There is actually another way you can perform SSL publishing but we don’t see it used very often. In this scenario, you would have two TMG firewalls publishing the web site. The “upstream” firewall (the one that is closest to the Internet connection) accepts the SSL request from the remote client. The TMG firewall then decrypts the connection and inspects it. The TMG firewall then forwards the request to the “downstream” TMG firewall (the firewall that is closest to the published web site) using an SSL connection. The downstream TMG firewall decrypts the connection and inspects it. Finally, the downstream firewall forwards the connection to the published web server using SSL or HTTP. This is a high security configuration that you can use when your front-end TMG firewall is in a DMZ and you don’t want it to be a domain member, but you do want to enable authentication (pre-authentication) on the connections.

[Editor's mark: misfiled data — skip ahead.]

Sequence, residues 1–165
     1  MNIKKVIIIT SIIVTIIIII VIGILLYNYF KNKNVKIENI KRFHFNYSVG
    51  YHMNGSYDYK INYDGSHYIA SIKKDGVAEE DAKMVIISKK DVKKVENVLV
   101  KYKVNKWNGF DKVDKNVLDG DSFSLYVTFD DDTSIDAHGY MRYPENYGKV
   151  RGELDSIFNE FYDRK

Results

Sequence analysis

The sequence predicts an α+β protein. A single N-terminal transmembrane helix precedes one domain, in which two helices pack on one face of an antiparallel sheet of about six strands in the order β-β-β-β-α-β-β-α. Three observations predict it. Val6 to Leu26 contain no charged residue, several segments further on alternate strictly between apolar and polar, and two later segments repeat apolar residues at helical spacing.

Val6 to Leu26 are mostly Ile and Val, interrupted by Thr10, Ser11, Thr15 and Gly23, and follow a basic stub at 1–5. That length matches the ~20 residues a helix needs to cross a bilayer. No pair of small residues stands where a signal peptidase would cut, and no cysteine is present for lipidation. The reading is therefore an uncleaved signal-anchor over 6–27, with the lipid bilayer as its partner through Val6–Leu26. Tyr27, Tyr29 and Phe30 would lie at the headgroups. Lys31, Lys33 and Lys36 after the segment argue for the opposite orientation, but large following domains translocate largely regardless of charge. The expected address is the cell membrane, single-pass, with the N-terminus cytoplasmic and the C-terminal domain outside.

Note that in this configuration, you have an additional security option that you might want to consider. Since we’re talking about a high security situation, wouldn’t it be nice if you could require the upstream TMG firewall to authenticate to the downstream? The good news is that you can indeed do this. When using this kind of back-to-back TMG firewall combination, you can configure the downstream TMG firewall to require the upstream firewall to present a certificate for authentication. This makes for an even more secure setup.

To bridge or not to bridge?

There are different opinions regarding the use of SSL bridging. One opinion is that it’s great to use SSL to HTTP bridging because you can offload the processing overhead from the web server and put it on the TMG firewall. However, there is an opposing argument that states that the user has an implicit agreement with the published web server when establishing the SSL connection and that this agreement is broken when you deploy SSL to HTTP bridging.

There is no right or wrong answer to this; your best choice depends on your situation. It’s a business decision, but you should have a discussion with your security and legal teams regarding this issue in order to come to a consensus on what your best course of action might be.

Authentication options

Remember that there are two reasons that you would want to use SSL publishing:

  • Because you don’t want anyone to see the data that is moving over the SSL channel
  • Because you want to secure the authentication process